I start all of my copywriting projects with a process called the Story Map interview. One of the first questions is to describe your earliest childhood memory.
My earliest significant childhood memory is of my Grandad (my Dad’s dad). I was four at the time, so the year would have been 1990. It’s easy to second guess your memories when you go that far back, but a lot of what follows has been verified by my Dad.
Both of my parents worked, so my sister and I spent a lot of time with grandparents growing up. My paternal grandparents were the only smokers in our family. I didn’t noticed the smoke at the time, but I remember the house had a distinctive smell. It was only years later when my grandmother (who we called ‘Nan’) died that I realised how smoke stained everything was.
I remember my grandad as being slightly standoffish. The sort of guy who would shake your hand rather than play with you.
I only have a handful of memories of BOTH grandparents together. I remember walking round nearby Victoria Park with them. The park felt huge at the time; like we were walking for miles. I remember my Nan pushing something on that walk, which in hindsight could only have been a pram.
I’ve never asked, but I doubt my grandad ever pushed a pram in his life. He was the provider in the family: the person who gave my Nan her weekly allowance.
I remember another time sitting in their backyard on a sunny day, while their pet tortoise Tony charged around chewing lettuce. My grandparents both lay nearby on sunloungers, smoking. As far as I can remember I was basically left to my own devices.
My Dad has since told me his experience growing up was similar. He only really got to know his dad when he turned 18, and was old enough to go for a beer with him.
One day, my sister, my Nan and I were sitting in the living room. From where I was sitting you could look out the front window to the garage over the road. To my left was a cabinet, full of ornaments and trinkets. To my right was a 1960’s style serving hatch to the kitchen, which was never used.
My grandad came in. I would learn later that he had been to the doctors, because he didn’t feel well. He sat straight on the edge of the seat, as he tended to do. Then with a sharp intake of breath he fell forward and collapsed on the floor.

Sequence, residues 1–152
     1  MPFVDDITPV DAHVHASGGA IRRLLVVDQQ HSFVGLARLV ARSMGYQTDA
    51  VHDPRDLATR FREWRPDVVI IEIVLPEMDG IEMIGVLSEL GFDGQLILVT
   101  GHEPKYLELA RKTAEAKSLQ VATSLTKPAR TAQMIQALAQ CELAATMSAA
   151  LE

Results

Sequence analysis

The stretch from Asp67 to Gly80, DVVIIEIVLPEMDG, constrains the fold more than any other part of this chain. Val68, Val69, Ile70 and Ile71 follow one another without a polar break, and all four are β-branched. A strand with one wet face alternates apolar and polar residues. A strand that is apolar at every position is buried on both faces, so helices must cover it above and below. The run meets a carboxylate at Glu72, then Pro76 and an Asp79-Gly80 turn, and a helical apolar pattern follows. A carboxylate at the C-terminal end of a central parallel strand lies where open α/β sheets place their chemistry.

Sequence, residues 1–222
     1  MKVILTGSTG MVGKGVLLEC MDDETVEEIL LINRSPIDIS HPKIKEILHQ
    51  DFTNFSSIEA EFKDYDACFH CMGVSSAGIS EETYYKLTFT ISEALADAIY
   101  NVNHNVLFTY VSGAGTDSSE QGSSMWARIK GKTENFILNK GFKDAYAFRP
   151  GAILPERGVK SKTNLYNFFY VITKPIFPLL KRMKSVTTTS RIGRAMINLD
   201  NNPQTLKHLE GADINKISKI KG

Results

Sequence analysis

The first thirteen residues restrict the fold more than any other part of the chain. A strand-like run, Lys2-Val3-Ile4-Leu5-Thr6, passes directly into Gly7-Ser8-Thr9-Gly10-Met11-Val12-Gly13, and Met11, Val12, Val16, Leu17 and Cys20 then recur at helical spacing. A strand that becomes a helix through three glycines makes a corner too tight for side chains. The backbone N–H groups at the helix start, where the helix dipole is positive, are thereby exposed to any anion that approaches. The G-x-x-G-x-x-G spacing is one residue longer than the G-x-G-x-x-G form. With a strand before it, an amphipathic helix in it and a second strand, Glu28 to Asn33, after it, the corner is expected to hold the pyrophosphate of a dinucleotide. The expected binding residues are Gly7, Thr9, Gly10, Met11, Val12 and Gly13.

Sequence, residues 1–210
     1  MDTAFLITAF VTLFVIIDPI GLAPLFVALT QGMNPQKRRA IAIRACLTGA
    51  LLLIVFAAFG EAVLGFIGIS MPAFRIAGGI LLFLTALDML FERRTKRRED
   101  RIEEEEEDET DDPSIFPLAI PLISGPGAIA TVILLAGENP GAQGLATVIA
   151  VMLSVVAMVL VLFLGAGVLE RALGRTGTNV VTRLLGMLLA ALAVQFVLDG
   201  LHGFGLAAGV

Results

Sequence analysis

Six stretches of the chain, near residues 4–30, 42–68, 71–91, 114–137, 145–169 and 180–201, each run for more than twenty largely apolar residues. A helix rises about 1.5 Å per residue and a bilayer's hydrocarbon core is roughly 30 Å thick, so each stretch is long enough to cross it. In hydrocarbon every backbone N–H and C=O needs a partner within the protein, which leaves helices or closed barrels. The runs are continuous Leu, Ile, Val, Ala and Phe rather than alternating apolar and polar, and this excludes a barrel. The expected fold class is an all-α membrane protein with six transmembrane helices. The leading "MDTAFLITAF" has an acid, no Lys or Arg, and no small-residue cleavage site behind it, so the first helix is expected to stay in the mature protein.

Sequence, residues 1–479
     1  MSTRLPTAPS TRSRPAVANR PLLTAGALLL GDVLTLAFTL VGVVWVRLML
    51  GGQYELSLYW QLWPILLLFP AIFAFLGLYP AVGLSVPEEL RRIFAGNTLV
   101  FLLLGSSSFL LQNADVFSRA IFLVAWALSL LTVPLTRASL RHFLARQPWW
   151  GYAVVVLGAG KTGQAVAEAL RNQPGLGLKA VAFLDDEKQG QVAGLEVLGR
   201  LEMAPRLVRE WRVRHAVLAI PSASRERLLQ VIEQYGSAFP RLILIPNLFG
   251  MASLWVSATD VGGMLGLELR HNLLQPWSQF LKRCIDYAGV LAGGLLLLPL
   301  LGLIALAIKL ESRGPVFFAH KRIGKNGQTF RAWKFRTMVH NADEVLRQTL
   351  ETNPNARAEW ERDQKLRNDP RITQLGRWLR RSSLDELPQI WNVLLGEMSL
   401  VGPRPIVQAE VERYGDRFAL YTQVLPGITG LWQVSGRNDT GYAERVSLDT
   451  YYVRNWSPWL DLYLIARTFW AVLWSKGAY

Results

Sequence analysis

My Nan started crying, and fell on the floor with him. Neither my sister nor I moved a muscle. “Oh Ronnie!” I remember her saying. She took his false teeth out, puffed down on his mouth, then pushed down on his chest, crying. I don’t know why she needed them, but she then lost his false teeth. I remember her searching frantically around on the floor for them, shouting “where’ve they gone??”
Not long after that an ambulance arrived, and my parents came to take us home. That was the last time I saw him.
When a client tells me this sort of story, my usual drill down question is: how did it make you feel?
Honestly, I don’t feel anything about this story. I remember it happening, because my long term memory is better than my short. But I was too young to understand. I have no emotions attached to the memory.
Which isn’t to say the story isn’t emotional. It is emotional – death always is. In fact, death is the single most powerful story you can tell. It’s just I don’t feel sad about telling this particular story.
In your emails after people opt-in, you don’t have long to build an emotional connection with them. The downs in your story is always more powerful than the ups, although you need both.
Many films open with this type of event to create an emotional character wound, which leads to a flaw. The flaw then leads to the lie, which must be overcome through character change for the goal of the story to be achieved.
I don’t believe there is an emotional wound in the story above, but I can tell you I DO have emotional wounds to tell you about later in this series! (Haha! Trust me, they’re coming…)
Notice also the level of detail I went into to describe the scene: the ornaments, the yellow wallpaper, the serving hatch. You probably had a relative whose living room looked like that.
This email follows what I call the ‘closed sandwich’ story format. I opened the email talking about my Story Map process, which is content. The story came in the middle. And I’ve ended on content, by explaining the mechanics of what is going on.
The first email in your core series should probably follow this structure, because it helps to give new readers a clue where you’re going.
We’ll carry on tomorrow.